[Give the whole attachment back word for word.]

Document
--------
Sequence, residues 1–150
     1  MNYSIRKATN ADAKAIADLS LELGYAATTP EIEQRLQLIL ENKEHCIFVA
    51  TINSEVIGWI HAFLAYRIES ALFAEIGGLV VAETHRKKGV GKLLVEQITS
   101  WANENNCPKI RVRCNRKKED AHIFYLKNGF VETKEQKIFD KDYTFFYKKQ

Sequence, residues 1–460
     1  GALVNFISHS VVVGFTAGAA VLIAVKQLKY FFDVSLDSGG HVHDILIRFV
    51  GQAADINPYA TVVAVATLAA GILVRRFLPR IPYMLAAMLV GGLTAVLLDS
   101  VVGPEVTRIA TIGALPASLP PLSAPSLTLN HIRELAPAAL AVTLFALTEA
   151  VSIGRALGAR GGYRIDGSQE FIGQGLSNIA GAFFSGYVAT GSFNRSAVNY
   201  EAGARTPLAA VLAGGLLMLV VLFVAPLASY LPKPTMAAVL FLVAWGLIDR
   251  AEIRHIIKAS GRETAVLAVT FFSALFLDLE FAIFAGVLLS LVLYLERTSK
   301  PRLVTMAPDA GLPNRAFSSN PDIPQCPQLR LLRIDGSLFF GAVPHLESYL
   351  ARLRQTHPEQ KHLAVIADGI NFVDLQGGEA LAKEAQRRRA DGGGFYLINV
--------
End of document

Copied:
Sequence, residues 1–150
     1  MNYSIRKATN ADAKAIADLS LELGYAATTP EIEQRLQLIL ENKEHCIFVA
    51  TINSEVIGWI HAFLAYRIES ALFAEIGGLV VAETHRKKGV GKLLVEQITS
   101  WANENNCPKI RVRCNRKKED AHIFYLKNGF VETKEQKIFD KDYTFFYKKQ

Sequence, residues 1–460
     1  GALVNFISHS VVVGFTAGAA VLIAVKQLKY FFDVSLDSGG HVHDILIRFV
    51  GQAADINPYA TVVAVATLAA GILVRRFLPR IPYMLAAMLV GGLTAVLLDS
   101  VVGPEVTRIA TIGALPASLP PLSAPSLTLN HIRELAPAAL AVTLFALTEA
   151  VSIGRALGAR GGYRIDGSQE FIGQGLSNIA GAFFSGYVAT GSFNRSAVNY
   201  EAGARTPLAA VLAGGLLMLV VLFVAPLASY LPKPTMAAVL FLVAWGLIDR
   251  AEIRHIIKAS GRETAVLAVT FFSALFLDLE FAIFAGVLLS LVLYLERTSK
   301  PRLVTMAPDA GLPNRAFSSN PDIPQCPQLR LLRIDGSLFF GAVPHLESYL
   351  ARLRQTHPEQ KHLAVIADGI NFVDLQGGEA LAKEAQRRRA DGGGFYLINV